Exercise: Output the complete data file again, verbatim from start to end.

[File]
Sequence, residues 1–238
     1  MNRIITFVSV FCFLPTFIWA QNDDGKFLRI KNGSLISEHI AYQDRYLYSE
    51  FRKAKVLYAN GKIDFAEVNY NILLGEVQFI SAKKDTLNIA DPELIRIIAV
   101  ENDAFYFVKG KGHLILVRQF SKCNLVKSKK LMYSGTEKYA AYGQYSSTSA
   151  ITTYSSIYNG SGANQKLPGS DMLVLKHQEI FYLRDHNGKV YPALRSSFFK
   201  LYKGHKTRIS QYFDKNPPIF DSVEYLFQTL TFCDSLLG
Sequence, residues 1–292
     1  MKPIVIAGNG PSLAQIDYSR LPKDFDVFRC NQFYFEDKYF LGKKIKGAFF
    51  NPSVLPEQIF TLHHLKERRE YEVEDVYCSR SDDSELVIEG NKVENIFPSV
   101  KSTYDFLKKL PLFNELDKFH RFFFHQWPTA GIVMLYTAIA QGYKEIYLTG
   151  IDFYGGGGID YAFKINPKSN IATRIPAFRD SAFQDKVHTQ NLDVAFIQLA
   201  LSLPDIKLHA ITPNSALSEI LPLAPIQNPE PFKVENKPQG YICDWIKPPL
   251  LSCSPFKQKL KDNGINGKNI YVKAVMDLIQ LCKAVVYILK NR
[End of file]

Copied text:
Sequence, residues 1–238
     1  MNRIITFVSV FCFLPTFIWA QNDDGKFLRI KNGSLISEHI AYQDRYLYSE
    51  FRKAKVLYAN GKIDFAEVNY NILLGEVQFI SAKKDTLNIA DPELIRIIAV
   101  ENDAFYFVKG KGHLILVRQF SKCNLVKSKK LMYSGTEKYA AYGQYSSTSA
   151  ITTYSSIYNG SGANQKLPGS DMLVLKHQEI FYLRDHNGKV YPALRSSFFK
   201  LYKGHKTRIS QYFDKNPPIF DSVEYLFQTL TFCDSLLG
Sequence, residues 1–292
     1  MKPIVIAGNG PSLAQIDYSR LPKDFDVFRC NQFYFEDKYF LGKKIKGAFF
    51  NPSVLPEQIF TLHHLKERRE YEVEDVYCSR SDDSELVIEG NKVENIFPSV
   101  KSTYDFLKKL PLFNELDKFH RFFFHQWPTA GIVMLYTAIA QGYKEIYLTG
   151  IDFYGGGGID YAFKINPKSN IATRIPAFRD SAFQDKVHTQ NLDVAFIQLA
   201  LSLPDIKLHA ITPNSALSEI LPLAPIQNPE PFKVENKPQG YICDWIKPPL
   251  LSCSPFKQKL KDNGINGKNI YVKAVMDLIQ LCKAVVYILK NR